Of course,   it is  more  than   ironic that   these  Westerners are  justifying a  “defensive” nuclear  weapons  program  that  Iran  has repeatedly denied it even has.

During George W. Bush’s administration, Britain, France, and Germany repeatedly tried to persuade Iran to give up its uranium-enrichment efforts (a key element in the  nuclear fuel cycle, and the route to nuclear weapons through highly-enriched uranium).   Iran simply used the lengthy negotiation process to overcome the scientific and technological obstacles it faced.

In  2006, Hassan Rouhani, Iran’s former   nuclear  negotiator, disdain­ fully  and   publicly   declared: “While we were  talking  to the  Europeans in Tehran,  we  were   installing  equipment  in  parts  of the  [uranium conversion] facility, but  we still had a long way to go to complete the project.

“In fact, by creating a calm environment, we were able to complete the work at Isfahan.”

Iran’s successful strategy of deception shows   that  negotiations have costs  as  well  as benefits. Europe and the United States   – which   continuously supported and encouraged Europe’s diplomacy failed to recognize this.

Iran gained both time and  legitimacy,  and  made progress   toward obtaining nuclear  weapons. In return, the West gained nothing.

By 2006, faced with the potentially catastrophic failure of these negotiations, the Europeans and the United States turned to the U.N. Security Council to adopt economic sanctions against Iran. Russia, China, and other council   members, however,   watered    down   the   sanctions,   rendering them weak.  To be effective, sanctions must be comprehensive and swiftly applied and vigorously enforced, none of which has been true to date of the penal­ ties against Iran.

Even oil sanctions recently adopted by the Europeans, and financial- institution sanctions forced on the Obama ad- ministration by Congress, are filled  with  loopholes, exemptions,  and   waiver   provisions. Many key countries with  important oil and  other  business dealings with Iran,  such  as China, India, and  Turkey, have essentially said  they will simply  ignore  any  sanctions not  imposed by the Security Council.

Clapper testified to the   Senate in January that “The sanctions as imposed so far have  not  caused [the Iranians] to change their  behavior or their  policy.” Accordingly, all the spin and hype about  the  impact of sanctions  to date  has been  just that, with­ out any substance whatever.

Even now, the goal of Obama’s sanctions policy is simply to get Iran back to the negotiating table.

The administration does not even try to argue that sanctions will stop or roll back the  nuclear  weapons program  itself. What if diplomacy did resume? It may well be in Iran’s interest to restart negotiations, given its previous successes in buying time and political legitimacy. But what is the acceptable “compromise” between Iran, clearly striving to   acquire    nuclear weapons, and the West, which  wants to prevent  just that?  Iran gets to keep a, small nuclear weapons program? That is plainly unacceptable.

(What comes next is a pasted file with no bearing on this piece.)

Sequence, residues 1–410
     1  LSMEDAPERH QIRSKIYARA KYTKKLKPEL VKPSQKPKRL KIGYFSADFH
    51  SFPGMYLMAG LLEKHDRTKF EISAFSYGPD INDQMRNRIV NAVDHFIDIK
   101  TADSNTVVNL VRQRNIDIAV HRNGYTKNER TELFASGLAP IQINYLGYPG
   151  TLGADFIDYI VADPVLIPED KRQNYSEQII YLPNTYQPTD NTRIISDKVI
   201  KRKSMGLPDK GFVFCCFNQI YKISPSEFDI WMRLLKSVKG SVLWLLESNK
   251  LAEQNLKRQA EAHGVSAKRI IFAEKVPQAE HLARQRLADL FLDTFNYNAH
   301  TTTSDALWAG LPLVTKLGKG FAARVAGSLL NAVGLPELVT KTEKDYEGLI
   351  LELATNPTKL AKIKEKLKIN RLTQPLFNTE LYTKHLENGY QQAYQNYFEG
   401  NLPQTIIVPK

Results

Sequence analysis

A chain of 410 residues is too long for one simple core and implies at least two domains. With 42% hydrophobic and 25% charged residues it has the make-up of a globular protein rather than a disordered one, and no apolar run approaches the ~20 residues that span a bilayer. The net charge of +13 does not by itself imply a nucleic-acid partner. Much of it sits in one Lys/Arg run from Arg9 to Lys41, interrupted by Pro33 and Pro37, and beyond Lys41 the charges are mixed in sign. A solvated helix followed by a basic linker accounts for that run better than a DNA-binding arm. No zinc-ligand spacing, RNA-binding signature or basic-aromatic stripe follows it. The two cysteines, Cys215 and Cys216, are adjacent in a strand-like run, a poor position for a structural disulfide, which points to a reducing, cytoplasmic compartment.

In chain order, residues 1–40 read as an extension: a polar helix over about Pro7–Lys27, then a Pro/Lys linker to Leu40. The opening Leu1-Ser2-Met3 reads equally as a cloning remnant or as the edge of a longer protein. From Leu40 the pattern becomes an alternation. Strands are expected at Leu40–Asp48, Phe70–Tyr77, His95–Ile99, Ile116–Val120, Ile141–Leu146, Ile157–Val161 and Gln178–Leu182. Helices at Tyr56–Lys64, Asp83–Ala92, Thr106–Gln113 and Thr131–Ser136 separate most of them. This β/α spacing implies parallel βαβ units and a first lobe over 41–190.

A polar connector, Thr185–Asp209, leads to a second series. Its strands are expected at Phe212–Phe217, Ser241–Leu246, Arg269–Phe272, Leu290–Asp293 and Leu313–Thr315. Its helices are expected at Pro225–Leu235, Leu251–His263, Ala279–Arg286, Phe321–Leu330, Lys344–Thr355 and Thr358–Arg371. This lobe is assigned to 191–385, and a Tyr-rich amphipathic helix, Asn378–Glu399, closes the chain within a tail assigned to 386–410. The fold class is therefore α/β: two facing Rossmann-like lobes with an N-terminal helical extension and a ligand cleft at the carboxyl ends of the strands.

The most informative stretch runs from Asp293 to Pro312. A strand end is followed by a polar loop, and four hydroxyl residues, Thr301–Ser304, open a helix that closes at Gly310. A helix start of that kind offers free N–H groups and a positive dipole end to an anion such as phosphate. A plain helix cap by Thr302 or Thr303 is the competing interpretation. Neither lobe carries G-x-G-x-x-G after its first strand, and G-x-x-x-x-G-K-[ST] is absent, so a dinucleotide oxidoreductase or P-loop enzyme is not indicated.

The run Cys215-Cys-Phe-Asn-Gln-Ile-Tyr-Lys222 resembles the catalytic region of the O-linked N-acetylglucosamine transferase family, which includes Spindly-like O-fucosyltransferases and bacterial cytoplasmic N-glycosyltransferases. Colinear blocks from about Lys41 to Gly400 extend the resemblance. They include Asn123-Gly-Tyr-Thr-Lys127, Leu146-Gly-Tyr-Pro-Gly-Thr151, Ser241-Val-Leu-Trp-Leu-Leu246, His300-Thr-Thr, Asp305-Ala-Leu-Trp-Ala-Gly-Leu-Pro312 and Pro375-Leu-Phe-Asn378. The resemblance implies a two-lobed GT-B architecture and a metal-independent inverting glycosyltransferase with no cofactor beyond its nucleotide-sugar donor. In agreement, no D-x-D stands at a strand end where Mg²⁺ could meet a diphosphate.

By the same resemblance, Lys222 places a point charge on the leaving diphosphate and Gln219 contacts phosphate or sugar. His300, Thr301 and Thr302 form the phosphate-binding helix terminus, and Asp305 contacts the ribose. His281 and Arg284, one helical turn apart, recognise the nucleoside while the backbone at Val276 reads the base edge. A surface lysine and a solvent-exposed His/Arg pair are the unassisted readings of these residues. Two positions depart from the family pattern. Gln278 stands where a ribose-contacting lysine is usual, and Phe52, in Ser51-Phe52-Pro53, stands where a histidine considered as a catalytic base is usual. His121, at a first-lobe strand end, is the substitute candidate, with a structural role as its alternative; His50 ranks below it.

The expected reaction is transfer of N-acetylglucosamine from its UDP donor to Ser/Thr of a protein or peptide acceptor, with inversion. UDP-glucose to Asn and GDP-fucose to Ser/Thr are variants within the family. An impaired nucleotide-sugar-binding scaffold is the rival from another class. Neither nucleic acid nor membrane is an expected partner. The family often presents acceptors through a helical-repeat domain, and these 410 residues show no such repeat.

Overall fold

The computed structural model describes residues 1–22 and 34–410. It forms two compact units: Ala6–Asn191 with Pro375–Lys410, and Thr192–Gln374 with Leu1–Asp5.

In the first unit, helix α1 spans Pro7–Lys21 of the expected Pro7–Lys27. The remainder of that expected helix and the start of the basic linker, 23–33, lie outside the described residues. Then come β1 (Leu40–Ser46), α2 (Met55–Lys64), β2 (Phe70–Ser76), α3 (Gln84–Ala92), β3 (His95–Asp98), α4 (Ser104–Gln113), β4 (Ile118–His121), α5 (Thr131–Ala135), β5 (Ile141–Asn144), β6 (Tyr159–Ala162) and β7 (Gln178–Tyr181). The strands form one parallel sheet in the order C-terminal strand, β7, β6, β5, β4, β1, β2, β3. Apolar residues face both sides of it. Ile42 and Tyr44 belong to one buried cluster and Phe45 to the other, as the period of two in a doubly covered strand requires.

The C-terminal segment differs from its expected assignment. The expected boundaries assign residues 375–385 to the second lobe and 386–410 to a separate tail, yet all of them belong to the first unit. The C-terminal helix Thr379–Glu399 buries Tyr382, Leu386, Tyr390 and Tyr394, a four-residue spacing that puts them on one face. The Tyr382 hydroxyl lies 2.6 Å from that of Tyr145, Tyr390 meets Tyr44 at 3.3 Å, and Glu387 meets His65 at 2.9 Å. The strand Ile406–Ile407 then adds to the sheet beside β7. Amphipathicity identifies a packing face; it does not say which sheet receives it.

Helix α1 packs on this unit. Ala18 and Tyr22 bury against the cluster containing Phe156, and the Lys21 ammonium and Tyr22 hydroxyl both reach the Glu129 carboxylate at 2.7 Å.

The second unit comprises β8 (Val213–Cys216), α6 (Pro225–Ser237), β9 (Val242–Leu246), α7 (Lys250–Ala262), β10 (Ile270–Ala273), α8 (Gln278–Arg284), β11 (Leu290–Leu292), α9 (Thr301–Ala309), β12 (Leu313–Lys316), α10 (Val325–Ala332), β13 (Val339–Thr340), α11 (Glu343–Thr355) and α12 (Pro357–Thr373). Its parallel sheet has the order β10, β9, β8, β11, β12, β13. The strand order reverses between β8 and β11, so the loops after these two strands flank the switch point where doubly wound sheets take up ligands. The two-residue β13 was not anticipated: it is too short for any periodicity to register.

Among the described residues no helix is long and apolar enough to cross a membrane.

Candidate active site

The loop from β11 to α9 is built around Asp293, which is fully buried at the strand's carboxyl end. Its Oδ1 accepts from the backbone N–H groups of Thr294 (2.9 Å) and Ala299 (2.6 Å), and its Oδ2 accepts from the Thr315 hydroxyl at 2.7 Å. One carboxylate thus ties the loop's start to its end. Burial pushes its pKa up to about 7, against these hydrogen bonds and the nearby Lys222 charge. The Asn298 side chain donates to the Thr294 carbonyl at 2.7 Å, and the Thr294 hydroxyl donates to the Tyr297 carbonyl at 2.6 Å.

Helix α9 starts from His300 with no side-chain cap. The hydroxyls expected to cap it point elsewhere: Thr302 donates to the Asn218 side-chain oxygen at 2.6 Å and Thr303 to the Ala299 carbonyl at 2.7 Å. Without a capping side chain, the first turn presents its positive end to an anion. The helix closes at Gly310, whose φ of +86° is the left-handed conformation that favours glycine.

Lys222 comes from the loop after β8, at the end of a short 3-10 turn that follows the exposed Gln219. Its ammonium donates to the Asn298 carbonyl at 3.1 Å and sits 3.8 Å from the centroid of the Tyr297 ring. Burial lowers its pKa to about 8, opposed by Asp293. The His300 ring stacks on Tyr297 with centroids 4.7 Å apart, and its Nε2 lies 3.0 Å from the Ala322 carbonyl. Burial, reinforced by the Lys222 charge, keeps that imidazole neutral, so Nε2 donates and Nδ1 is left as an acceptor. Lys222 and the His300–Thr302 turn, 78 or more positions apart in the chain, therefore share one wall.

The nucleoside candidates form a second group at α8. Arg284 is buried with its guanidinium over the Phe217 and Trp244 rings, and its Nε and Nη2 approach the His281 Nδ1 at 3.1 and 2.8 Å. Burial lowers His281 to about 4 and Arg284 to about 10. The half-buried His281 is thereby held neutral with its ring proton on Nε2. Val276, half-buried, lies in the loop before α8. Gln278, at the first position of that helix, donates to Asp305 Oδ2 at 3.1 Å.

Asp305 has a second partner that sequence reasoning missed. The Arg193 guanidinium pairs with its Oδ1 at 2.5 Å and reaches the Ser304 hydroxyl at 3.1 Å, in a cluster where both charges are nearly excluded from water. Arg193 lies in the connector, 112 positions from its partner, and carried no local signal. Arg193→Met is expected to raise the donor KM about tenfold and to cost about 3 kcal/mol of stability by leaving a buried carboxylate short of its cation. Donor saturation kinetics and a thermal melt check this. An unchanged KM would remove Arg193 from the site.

Iran gets to have a “peaceful” nu­ clear power program? That would be a fool’s paradise. Given  its  decades­ long  duplicity  and   complete  indigenous mastery over  the  nuclear  fuel cycle, Iran could “break out” of any commitment to purely  civil use  with relative ease.

International monitors could not prevent cheating, as rogue states like North Korea have shown, by hiding extensive nuclear weapons programs even with U.N. inspectors in-country. And if Iran expelled   the inspectors and   renounced the NPT,  as  Pyong­yang did in 2003, what then?

The unpleasant reality is that both diplomacy and sanctions have failed, are failing, and will fail to halt’s Iran’s steady march toward nuclearization. Indeed, the most likely outcome today is that  Iran  will achieve nuclear weapons, perhaps even earlier  than predicted by Defense Secretary Panetta. The only surprise is that its progress has been so stately and measured, thereby showing Iran  simply does not fear outside interference.

In February, on the anniversary of the Islamic Revolution of 1979, Ahmadinejad announced what was already suspected: advanced centrifuges were enriching uranium at  the  hardened . and  deeply  buried  centrifuge halls  at Fordo,  near  Qom,  and  that  Iran  had successfully fabricating fuel  rods  for the Tehran Research Reactor.

Could regime change, overthrowing the Islamic Revolution, succeed before Iran gets nuclear weapons? While   it   should obviously   be   our goal, regime change is not like turning a light switch  on or off. The IRGC brutally   suppressed   unarmed   civilians demonstrating against Iran’s obviously fraudulent June 2009 presidential elections, which gave Ahmadinejad a second  term.   Had earlier U.S. administrations worked more extensively and effectively to aid Iran’s opposition, President Obama might have been capable in  2009 of using the massive  popular unrest  in Iran  to overthrow the regime.

Unfortunately,  no  such   preparation  had  been  made,  and  Obama himself,  apart from  rhetorical flourishes,  did  little  to  oust  the  mullahs. Sanctions could facilitate regime change and warrant support for that reason. But regime change will not come in time to stop Iran from crossing the nuclear finish  line.

In fact, the  regime  is  wildly  unpopular. Economic mismanagement since 1979 (and not recent sanctions) has              thwarted                economic growth   in this   potentially powerful, wealthy country, creating shortages of goods and    services that   regularly prompt strikes  and other  disruptions.

Iran’s      young    people (those   under 30 constitute over two-thirds of the total   population)  are  educated    and    sophisticated, and    know    from    foreign media and their own travels that they could enjoy a vastly different lifestyle if the Islamic Revolution collapsed.

Finally, there is widespread ethnic dissatisfaction. Persians constitute only half of Iran’s people.  The Azeris, Kurds, Arabs, Baluchis, and   others have long  chafed   under discriminatory policies.

While  these  sources of discontent do not .coincide exactly, their very magnitude  shows   why   the   regime must  cling  to power  through military force,  which  it  is  perfectly  prepared to do. After all, the mullahs represent God’s view. Why worry about mere popular opinion?                                 .